Football: Beckenbauer fears Brazil

FRANZ BECKENBAUER believes Brazil poses a greater threat to Germany's hopes of staging the 2006 World Cup than England, but the suggestion could be another attempt to belittle England's bid. The initial deadline for applications is two days away.

The newly elected vice-president of the German Football Association and head of Germany's World Cup organising committee personally handed in his country's bid to Fifa, the world game's ruling body.

England, Brazil, South Africa, Egypt, Ghana and Morocco are the other six nations vying for the right to stage the tournament, with the latter three regarded as virtual non-starters. Candidates have until 30 April next year to confirm their official bid. A Fifa spokesman said he did not expect Argentina and Nigeria to apply.

Beckenbauer said: "It's up to us. We have to show the world that Germany is the best place to organise a World Cup. But I regard Brazil as the more dangerous rival to Germany than England, although we still have a lot of homework to do."

Beckenbauer thinks South Africa, the apparent choice of the Fifa president, Sepp Blatter, will struggle to meet the strict criteria for hosting the World Cup laid down by the game's governing body. Fifa require that eight to 12 stadiums have a capacity of at least 40,000, with one ground able to accommodate 80,000-plus and another over 60,000.

In the first week of January, Fifa will start asking questions concerning security, taxes, customs, visas and telecommunications, before delving into other matters like infrastructure, accommodation and transport facilities in the bidding countries, as well as arrangements for ticket sales and the specific circumstances of the grounds included in the bids.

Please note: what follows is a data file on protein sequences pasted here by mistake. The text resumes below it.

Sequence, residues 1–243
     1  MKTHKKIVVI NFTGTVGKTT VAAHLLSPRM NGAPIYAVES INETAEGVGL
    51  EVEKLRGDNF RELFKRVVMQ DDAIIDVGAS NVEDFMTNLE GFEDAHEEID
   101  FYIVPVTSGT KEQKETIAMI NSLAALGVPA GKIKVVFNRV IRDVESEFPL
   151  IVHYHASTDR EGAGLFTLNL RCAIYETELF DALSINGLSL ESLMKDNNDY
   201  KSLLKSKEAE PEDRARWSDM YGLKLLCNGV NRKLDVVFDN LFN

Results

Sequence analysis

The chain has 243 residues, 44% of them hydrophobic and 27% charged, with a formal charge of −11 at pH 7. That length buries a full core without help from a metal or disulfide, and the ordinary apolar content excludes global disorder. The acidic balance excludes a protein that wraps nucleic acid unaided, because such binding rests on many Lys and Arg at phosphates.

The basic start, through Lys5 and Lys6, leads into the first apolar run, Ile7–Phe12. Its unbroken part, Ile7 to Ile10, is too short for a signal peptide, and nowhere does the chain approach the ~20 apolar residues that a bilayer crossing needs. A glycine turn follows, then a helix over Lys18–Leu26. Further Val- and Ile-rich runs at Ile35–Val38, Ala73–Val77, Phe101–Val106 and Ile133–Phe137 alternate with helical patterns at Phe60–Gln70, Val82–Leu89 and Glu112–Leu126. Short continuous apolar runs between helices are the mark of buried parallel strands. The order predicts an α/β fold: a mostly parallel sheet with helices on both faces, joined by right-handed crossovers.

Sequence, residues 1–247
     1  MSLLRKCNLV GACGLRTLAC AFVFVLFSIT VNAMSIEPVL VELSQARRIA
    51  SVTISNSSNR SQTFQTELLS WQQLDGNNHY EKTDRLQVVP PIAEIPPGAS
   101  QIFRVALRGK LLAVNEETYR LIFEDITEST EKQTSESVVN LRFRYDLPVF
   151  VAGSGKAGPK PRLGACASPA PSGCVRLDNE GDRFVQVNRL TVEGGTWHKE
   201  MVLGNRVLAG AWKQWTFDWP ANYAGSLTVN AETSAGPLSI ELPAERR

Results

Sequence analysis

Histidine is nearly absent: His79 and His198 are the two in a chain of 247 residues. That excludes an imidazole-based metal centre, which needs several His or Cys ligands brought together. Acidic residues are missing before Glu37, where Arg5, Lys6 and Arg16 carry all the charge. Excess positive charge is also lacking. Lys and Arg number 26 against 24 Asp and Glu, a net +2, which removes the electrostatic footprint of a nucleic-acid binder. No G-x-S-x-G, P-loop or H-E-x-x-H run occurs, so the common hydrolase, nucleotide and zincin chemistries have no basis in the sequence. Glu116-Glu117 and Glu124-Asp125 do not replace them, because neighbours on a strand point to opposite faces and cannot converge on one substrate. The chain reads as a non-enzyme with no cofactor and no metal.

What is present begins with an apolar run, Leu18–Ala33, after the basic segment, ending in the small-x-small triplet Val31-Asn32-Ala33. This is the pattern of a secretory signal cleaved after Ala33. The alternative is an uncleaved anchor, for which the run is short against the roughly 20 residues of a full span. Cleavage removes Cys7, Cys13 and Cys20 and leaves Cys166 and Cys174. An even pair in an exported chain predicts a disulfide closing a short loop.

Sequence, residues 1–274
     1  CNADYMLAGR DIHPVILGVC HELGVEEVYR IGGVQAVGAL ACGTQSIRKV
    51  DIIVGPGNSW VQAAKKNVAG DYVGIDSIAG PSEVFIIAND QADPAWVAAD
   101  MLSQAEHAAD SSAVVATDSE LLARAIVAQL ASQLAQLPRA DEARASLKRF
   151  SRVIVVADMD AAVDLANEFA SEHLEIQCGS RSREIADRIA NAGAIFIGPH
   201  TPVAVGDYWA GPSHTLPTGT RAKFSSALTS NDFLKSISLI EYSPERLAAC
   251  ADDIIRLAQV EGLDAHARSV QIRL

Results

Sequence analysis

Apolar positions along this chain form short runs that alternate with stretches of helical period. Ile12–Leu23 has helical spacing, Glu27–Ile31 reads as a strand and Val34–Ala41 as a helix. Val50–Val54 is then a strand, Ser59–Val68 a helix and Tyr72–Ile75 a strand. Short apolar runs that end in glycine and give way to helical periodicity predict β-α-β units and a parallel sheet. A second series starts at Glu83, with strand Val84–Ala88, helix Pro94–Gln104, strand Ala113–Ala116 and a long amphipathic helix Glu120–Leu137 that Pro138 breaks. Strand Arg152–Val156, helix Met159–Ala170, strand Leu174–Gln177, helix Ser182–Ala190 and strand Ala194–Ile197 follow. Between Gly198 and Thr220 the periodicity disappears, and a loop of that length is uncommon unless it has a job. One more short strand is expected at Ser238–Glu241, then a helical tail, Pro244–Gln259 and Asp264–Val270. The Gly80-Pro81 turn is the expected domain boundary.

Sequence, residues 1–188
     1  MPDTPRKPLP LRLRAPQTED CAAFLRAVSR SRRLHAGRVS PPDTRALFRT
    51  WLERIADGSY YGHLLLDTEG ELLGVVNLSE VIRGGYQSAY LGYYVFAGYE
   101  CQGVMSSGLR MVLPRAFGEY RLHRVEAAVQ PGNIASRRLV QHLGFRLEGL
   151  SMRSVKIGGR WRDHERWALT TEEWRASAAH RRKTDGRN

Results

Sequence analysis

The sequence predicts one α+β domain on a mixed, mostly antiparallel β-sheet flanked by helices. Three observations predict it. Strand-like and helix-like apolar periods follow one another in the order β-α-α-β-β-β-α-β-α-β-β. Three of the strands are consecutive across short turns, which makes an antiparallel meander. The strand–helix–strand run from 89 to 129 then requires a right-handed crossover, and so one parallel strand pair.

Beckenbauer and the German FA's president, Egidius Braun, are soon to meet the German finance minister, Oskar Lafontaine, and the home secretary, Otto Schily, to ask them to abolish certain taxes, which if enforced would reduce Fifa's profits.

n Joseph Blatter, the chairman of Fifa, is concerned about the influx of money into football watering down its real value as a people's sport. In an article in Germany's sports weekly Kicker, Blatter also says he is also concerned by the influence of business and television on the game. "Even accepting the rules of supply and demand, we must still ask ourselves whether too much money comes into play, whether the players have lost their moderation and become too egotistical and influential? Is not the influence of industry, television, and even politics too great?"

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